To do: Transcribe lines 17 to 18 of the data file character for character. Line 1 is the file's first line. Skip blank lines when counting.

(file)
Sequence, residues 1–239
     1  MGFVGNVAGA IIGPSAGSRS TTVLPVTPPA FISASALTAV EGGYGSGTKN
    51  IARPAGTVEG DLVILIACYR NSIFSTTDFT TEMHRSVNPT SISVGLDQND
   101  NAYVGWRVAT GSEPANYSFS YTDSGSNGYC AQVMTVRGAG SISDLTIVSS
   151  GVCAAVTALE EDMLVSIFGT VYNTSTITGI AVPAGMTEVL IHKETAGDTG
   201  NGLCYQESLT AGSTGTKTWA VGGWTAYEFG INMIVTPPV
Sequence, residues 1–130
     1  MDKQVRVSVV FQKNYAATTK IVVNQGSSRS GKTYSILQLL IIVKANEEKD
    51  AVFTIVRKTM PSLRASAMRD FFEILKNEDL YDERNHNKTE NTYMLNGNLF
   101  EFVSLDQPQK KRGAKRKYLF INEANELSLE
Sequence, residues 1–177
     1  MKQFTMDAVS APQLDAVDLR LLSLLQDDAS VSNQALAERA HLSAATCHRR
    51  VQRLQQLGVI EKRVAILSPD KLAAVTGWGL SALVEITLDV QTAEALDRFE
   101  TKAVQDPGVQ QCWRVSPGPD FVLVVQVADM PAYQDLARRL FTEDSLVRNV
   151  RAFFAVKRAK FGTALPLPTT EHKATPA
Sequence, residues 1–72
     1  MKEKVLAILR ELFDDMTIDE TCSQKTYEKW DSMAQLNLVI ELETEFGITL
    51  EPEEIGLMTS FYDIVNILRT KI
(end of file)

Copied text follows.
     1  MKEKVLAILR ELFDDMTIDE TCSQKTYEKW DSMAQLNLVI ELETEFGITL
    51  EPEEIGLMTS FYDIVNILRT KI